Christiana Q Moss

Christiana Q Moss, principal at Studio Ma

“I am definitely more in the camp of not assigning gender or race to architectural form and practice. In terms of the treatment of women in our profession, if the women-in-architecture movement provides a platform to address broader inequities, this is positive; but I believe that women often can be their worst enemies in terms of accepting imbalances in their own relationships and family structures that undermine their access to professional growth.”


Marissa Mead, project architect at Svigals+Partners

“I’ve heard a project team member worry that a woman as architect ‘can get bullied’ by contractors, and another imply that an assertive woman is speaking out of turn. When considered in this context, the term female architect is obviously offensive.

Female police, female pilots, female executives – yes, it’s 2017 and women in positions of power and authority is an actual thing. The qualifier of female is an unnecessary homage to patriarchal society. Perhaps if a design powerhouse like Dorte Mandrup did not have to spend time debating her validity as an architect, we would all benefit.”

Graduating from a majority-female architecture school, I entered the profession with a naïve perception of an equal playing field. At first it was easy to overlook the micro-aggressions: being left out of a round of handshakes, getting interrupted, being mistaken for a receptionist, receiving correspondence for the architect requiring ‘his review’.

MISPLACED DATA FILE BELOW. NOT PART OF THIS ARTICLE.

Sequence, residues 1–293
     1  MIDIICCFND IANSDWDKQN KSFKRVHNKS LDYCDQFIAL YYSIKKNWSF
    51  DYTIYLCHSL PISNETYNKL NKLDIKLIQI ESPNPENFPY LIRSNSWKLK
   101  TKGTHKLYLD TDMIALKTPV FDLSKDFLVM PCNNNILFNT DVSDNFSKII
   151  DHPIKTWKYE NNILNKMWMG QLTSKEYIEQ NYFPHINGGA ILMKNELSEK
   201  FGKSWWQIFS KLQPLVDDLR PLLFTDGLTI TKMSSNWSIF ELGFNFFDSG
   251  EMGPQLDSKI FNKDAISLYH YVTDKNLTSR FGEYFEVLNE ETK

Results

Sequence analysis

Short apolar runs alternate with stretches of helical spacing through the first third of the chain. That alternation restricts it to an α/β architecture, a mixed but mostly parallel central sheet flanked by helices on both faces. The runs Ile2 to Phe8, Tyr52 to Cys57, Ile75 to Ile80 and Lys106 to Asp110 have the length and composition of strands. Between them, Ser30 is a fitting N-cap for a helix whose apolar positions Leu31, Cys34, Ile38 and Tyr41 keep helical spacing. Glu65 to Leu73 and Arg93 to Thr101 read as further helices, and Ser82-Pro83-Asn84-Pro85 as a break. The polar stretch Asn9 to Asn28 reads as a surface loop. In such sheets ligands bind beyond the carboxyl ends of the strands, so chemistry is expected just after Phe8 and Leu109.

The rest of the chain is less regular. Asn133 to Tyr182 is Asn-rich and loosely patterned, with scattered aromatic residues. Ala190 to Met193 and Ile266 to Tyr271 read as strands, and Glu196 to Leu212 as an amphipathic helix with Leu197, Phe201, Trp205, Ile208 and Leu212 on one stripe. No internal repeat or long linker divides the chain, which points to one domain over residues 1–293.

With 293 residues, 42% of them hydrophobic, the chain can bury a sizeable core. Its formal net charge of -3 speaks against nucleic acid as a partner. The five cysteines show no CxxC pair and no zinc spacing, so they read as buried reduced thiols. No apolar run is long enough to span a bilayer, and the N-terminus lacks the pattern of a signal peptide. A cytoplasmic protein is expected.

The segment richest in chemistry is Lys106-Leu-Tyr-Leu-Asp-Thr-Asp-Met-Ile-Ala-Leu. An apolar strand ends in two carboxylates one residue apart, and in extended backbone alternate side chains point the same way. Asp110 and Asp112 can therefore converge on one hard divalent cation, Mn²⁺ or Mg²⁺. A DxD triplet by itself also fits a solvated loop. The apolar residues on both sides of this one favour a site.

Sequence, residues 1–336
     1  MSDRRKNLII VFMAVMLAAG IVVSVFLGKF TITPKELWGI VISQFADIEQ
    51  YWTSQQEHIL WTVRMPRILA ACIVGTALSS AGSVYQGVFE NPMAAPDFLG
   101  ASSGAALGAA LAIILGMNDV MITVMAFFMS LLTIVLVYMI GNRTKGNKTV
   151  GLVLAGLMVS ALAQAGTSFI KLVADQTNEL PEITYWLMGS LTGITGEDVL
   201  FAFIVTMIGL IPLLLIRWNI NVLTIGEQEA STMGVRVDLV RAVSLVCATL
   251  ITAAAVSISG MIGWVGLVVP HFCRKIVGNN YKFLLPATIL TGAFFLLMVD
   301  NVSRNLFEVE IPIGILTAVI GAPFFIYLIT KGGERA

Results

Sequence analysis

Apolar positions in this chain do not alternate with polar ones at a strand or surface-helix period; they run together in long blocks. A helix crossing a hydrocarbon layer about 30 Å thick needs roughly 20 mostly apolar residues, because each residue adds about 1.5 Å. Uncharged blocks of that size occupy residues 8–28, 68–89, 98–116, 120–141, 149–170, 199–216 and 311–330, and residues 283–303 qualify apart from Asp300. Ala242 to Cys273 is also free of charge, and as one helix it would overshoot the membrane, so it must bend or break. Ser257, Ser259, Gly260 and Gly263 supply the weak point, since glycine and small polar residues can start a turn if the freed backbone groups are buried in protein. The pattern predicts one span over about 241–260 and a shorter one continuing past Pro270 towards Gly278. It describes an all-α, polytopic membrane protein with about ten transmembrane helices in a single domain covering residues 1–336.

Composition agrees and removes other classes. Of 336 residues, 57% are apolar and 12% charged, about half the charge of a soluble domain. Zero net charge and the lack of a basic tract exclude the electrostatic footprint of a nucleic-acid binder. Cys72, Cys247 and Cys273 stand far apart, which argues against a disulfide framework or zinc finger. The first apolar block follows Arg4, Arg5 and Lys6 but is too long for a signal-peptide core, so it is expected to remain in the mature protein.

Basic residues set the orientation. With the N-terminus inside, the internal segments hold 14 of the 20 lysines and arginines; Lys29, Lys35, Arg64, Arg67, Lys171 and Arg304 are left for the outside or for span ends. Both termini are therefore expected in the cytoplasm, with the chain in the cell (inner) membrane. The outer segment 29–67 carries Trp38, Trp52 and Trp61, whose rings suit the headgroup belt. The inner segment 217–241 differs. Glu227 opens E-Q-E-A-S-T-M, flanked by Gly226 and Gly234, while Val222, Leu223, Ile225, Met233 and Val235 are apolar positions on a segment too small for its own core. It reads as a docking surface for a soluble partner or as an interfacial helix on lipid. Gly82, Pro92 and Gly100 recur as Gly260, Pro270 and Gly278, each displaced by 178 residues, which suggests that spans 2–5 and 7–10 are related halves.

But after a decade, these minor slights build momentum. In fact, the National Architectural Accrediting Board reports that 43 per cent of all architecture graduates are women while only 17 per cent advance into leadership positions. It is clear that this profession is still male-dominated, with women architects being seen as ‘other’ – or often ‘less-than’ – their male peers.”


Jane Smith

Jane Smith, founding principal at Spacesmith

“To elevate women in architecture, I choose to focus on the women who are paving the way for the next generation of architects. As seen in surveys by Equity by Design, role models are essential to cultivating new women architects.”


Claire Weisz

Claire Weisz, founding principal at WXY architecture + urban design

As quoted in The New York Times: “I have heard discussions where Zaha Hadid’s name came up as a suggestion to do a high-rise tower, and the men around the table declared her too risky. This is emblematic of the obstacles inherent in the field of high-profile projects. There needs to be more awareness among women in a position to be clients to consider hiring architectural firms that have women in design leadership roles.”


Cynthia Phifer Krakauer

Cynthia Phifer Krakauer, executive director at Beverly Willis Architecture Foundation

“While women make up 42 per cent of architecture school graduates, they represent only 26 per cent of licensed practitioners in the historically male-dominated architecture profession, while only about 17 per cent of firm leaders are women. Our group works to change the culture of the building industry for women, through education and research.”


Kristine A Harding, president at NCARB and project principal at KPS Group

“In 2016, for the first time since NCARB began collecting demographic data, gender equity improved along every career stage. These trends point to growing diversity among licensure candidates, and eventually, future architects.”


Victoria J Cerami

Victoria J Cerami, CEO at Cerami & Associates

“As an engineer, I lead a company dedicated to promoting diversity within our industry, as well as excellence. To inspire more women to consider engineering as a career choice, we’ve endowed two scholarship funds for female students studying acoustical and mechanical engineering. This flows from our company’s core principles – excellence in design and service as well as lifelong learning, empathy, and passionate responsibility.”

The post American women in architecture weigh in on “female architect” debate appeared first on Dezeen.